Netflix’s Ray is a four-part web series that is loosely connected to the theme of ‘identity'. Now, this theme has been translated into four different ways. The first episode deals with a man whose identity is his brain whereas the second episode deals with a man whose identity is his face. The third one is based on personality and the fourth one is based on a single look. Ray isn’t modeled like the popular Indian cinema anthologies like Paava Kadhigal or Ajeeb Dastaans, it’s more like Black Mirror. As an anthology, Ray is clearly a unique approach to Satyajit Ray’s short stories but not all of them are able to reach their destination.
1. Forget Me Not
Forget Me Not revolves around a man who is known for remembering everything. Ali Fazal plays the role of a man who never forgets anything. One day, a girl from his past suddenly meets him at a bar and tries to make him remember about herself but Ipsit (Ali Fazal) doesn’t seem to remember anything about their meeting. The film is crafted skilfully and even has a good plot but it just lacks depth. The condition of a man who is proud of his memory when suddenly comes to know that he is losing his mind is at times stretched and it may create a haunting and a perfect paranoid thriller experience but it still doesn’t seem to have layers. The film is hauntingly shot by Swapnil Sonwane and Ali Fazal gave an amazing performance. So, overall Forget Me Not can somehow be considered a watchable experience but not great.
Kay Kay Menon’s Bahrupiya is probably the worst in the lot. Kay Kay Menon basically plays Joker in a Kolkata setup and just has a magic book that helps him create brilliant prosthetics. The problem with this film is that it is oversimplified and seems to get lost after a while, the intentions aren’t clear, and it doesn’t even try to create depth with its plot. It can be easily called a cheap version of Todd Phillips’ Joker or probably worse than that.
3. Hungama Hai Kyon Barpa
This is the best episode among the lot, in fact, it is the smartest one. Abhishek Chaubey’s Hungama Hai Kyon Barpa is a delightful and well-crafted piece of cinema that has a simple plot but it’s so uniquely executed with its frisky screenplay that just makes this episode a must-watch. Two men meet on a train after 10 years but one of them remembers that he had stolen a watch from the other man ten years ago, what follows is a spectacular journey of awkwardness and a playful story. Manoj Bajpayee and Gajraj Rao have done a brilliant job and so did the other cast members. This is probably the only episode in the anthology that stays loyal to the source material and inserts creativity in the execution of the story rather than the plot. The interplay, the well-executed montage, the awkwardness, the last-minute twists and metaphors are just charming and a delight to watch.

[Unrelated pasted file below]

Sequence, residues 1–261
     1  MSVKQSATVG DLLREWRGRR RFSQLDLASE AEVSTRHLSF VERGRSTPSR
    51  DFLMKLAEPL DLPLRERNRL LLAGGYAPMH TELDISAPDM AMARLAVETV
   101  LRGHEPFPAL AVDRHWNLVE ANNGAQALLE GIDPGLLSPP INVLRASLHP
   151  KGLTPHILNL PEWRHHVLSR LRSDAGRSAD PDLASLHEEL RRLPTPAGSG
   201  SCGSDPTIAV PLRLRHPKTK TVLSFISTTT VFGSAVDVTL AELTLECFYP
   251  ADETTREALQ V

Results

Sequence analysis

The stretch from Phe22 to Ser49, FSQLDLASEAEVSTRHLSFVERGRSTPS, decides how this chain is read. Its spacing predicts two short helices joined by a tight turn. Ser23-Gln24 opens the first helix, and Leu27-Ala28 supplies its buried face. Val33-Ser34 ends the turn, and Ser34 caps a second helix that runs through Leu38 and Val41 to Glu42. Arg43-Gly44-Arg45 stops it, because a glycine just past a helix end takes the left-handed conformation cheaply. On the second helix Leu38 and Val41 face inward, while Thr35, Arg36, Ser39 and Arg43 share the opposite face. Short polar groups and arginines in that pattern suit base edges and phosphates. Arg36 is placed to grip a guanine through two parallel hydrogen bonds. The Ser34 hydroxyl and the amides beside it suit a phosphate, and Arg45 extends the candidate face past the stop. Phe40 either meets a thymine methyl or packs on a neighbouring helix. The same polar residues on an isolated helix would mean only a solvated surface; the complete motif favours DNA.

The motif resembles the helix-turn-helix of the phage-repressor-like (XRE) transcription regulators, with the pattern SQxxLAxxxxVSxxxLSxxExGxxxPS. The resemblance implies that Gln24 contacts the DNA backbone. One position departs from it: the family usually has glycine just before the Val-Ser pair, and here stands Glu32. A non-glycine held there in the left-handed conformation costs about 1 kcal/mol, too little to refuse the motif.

This is probably the most creative and unique episode among the lot. It has taken so much creative liberty that probably the soul of Satyajit Ray has clearly vanished from the plot. However, if you judge the film clearly on its own merit rather than comparing it with the source material then you might really enjoy the film as I did. Vasan Bala’s Spotlight is a unique social satire in which the element of ‘social satire’ is hiding with a disguise in a back seat and letting stardom and religion play an interesting war. The film has long stretches, weird-trippy segments, and dialogues ranging from Kafka to David Lynch. This episode is wild and can be enjoyed if seen under a certain lens otherwise for some it is going to appear weak or even idiotic at times. It all depends upon how much bizarreness one can handle. Harshvardhan Kapoor did an amazing job, he probably revived the version of himself which he used in AK vs AK and used it brilliantly in a wild and strange story. The film even uniquely mentions all the popular films of Satyajit Ray in a scene. Overall, the fourth episode is a trippy ride and it may not be suitable for everyone.
All in all, Netflix’s Ray isn’t completely successful but it does have three films that can somehow work. The last film is going to have mixed reviews, the third one is clearly the best among the lot, the second one is easy to forget and the first episode can be just called passable. However, if one is looking to see all Satyajit Ray’s short stories coming alive in the form of cinema then they are going to be heavily disappointed by almost all the films in the anthology.